Young and Dangerous: The Prequel (1998)
Reviewed by: Gaijin84 on 2006-04-25
Summary: Fighting for a different kind of freedom...
Designed to fill in the time between their initial recruitment and the subsequent scenes in the original "Young and Dangerous," Y&D: The Prequel focuses on Chan Ho-Nam (Nicholas Tse)and his three friends as they learn the ropes under Bee (Frankie Ng Chi-Hung). The opening scene is the same, with Ho-Nam and his friends being beaten up by Kwan and saved by Bee, but then we get to see how it is that they are drawn into the triads through circumstances and sly moves by Bee. All four of the teens, especially Chicken (Sam Lee), are rebellious in nature and after they are suspended from school because of a talent show disaster, they are attacked once again by Kwan's scrawny second-in-charge, Piggy. Deciding that they have had enough of being picked on, the three (Chicken has already joined) decide to become soldiers for Bee, hoping that eventually they'll move up the structure and leave their drab surroundings and lifestyle.

I am a relative newcomer to the Triad-genre film and most likely, as a result, I really enjoyed this film a great deal. Yes, there are some cheesy parts at the talent show (along with karaoke subtitles), and the acting is less than stellar in some parts, but overall the movie is very entertaining. Nicholas Tse is actually quite good as No-Ham, and his dynamic with Yu Ka-Ho (who plays Pou-Pan) is very funny. Most of their scenes seem improvised as Tse is trying hard not to break into fits of laughter at Yu's antics. A real stand-out in his scenes is Frankie Ng as Bee, who seems to have the Triad boss role nailed at this point. Menacing yet able to seem fatherly at the same time, you can really see how the kids look up to him and get sucked into the dangerous lifestyle, willing to do anything asked of them to get a leg up. Daniel Wu (credited as Daniel Ng) is also good his big screen debut, playing an established member and boyfriend to Shu Qi. Although her role is limited, the character of Fei (played by Shu Qi) certainly adds some flavor to the story. Her chemistry with Tse (who falls for her) is undeniable and although she abruptly disappears, her reasons behind it are certainly believable and warranted.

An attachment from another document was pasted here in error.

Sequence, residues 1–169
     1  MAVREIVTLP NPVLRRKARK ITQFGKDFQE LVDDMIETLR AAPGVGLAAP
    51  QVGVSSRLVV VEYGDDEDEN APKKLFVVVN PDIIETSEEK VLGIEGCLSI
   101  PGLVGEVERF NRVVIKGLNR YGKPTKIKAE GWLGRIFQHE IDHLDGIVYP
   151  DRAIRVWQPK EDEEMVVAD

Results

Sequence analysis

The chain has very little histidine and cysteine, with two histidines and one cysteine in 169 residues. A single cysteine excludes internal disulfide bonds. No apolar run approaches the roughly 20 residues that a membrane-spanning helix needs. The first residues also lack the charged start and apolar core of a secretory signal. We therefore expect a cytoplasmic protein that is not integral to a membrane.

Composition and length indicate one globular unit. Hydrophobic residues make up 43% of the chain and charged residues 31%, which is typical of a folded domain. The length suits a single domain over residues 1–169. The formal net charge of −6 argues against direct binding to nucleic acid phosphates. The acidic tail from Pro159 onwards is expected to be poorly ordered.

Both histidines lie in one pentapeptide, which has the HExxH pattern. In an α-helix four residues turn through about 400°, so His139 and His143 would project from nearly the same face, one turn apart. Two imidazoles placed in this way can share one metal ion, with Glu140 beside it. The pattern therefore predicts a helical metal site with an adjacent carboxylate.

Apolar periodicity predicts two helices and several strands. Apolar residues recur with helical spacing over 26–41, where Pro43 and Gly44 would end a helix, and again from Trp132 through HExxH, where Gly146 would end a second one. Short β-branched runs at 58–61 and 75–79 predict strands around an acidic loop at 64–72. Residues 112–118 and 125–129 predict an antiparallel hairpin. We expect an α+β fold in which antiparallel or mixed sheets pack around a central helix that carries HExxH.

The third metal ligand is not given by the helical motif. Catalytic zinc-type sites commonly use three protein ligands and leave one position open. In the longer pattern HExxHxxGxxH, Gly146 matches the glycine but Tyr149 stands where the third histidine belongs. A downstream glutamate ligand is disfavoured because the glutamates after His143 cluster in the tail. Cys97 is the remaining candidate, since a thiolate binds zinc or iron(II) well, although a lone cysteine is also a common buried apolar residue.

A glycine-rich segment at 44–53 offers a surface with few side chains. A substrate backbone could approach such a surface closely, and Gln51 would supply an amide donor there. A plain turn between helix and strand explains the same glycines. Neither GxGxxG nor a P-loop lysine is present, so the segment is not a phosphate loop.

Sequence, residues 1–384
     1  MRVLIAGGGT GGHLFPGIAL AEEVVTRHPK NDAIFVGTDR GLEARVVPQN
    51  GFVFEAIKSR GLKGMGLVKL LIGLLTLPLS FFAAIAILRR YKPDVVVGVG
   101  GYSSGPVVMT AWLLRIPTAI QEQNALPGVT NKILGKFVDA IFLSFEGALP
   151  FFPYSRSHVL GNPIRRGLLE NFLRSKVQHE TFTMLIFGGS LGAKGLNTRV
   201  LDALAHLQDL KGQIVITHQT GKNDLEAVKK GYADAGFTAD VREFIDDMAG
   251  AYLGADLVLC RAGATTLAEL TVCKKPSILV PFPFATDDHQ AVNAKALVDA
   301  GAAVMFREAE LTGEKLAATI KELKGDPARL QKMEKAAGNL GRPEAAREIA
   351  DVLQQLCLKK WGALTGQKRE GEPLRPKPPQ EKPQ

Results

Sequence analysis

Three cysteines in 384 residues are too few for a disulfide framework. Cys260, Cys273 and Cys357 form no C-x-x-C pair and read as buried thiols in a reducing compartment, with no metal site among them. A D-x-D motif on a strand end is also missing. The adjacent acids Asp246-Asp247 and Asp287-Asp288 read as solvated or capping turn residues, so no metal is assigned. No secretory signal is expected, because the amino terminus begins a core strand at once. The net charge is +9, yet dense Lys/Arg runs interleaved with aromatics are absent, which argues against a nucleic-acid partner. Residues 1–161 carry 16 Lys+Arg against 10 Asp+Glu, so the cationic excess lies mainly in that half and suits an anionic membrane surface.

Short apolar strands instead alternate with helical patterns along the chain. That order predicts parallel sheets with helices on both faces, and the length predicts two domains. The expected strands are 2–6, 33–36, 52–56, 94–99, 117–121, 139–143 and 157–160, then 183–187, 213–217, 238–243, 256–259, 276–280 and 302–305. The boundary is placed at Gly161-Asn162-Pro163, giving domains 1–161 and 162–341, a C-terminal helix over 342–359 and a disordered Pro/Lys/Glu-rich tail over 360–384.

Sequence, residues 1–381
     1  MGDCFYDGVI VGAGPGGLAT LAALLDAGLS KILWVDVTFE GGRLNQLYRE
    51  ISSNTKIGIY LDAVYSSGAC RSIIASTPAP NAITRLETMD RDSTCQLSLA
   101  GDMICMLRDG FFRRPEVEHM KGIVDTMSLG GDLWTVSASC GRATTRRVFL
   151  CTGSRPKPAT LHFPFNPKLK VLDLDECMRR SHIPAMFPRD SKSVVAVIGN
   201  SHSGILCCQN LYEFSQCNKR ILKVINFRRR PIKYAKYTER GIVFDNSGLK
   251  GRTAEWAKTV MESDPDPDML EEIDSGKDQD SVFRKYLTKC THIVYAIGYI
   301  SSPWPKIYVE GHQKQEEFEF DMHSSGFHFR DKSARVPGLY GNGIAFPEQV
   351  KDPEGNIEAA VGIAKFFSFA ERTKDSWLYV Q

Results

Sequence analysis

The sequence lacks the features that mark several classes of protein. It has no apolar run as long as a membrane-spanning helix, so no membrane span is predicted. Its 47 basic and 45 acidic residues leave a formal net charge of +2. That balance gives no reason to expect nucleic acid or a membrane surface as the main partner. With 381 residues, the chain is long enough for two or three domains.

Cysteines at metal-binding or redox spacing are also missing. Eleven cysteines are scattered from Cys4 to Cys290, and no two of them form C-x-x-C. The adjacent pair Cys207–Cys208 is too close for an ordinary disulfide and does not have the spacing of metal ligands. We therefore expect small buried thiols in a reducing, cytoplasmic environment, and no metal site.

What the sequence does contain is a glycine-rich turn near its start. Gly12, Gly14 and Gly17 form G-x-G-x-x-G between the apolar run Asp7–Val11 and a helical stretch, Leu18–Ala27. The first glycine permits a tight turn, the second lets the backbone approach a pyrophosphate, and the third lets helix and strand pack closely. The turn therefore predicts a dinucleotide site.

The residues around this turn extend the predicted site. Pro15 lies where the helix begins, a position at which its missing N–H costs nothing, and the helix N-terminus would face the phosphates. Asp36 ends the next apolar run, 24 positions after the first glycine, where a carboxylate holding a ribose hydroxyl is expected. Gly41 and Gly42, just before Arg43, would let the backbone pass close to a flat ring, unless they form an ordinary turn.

In addition, the setting of the movie at the same time as the protests in Tiananmen Square draws a nice contrast to the lives of the protagonists. While students their age are fighting for their rights and freedoms on the mainland, Chan and his friends are fighting their peers for criminal status and ill-gotten gains. The use of constant news reports on TVs in the background during the movie serve to remind the viewer how pointless Chan and his friend's problems are in comparison to what was going on a relative short distance away. In the end, although you can understand what has happened to the group, you can hardly empathize.
Reviewer Score: 8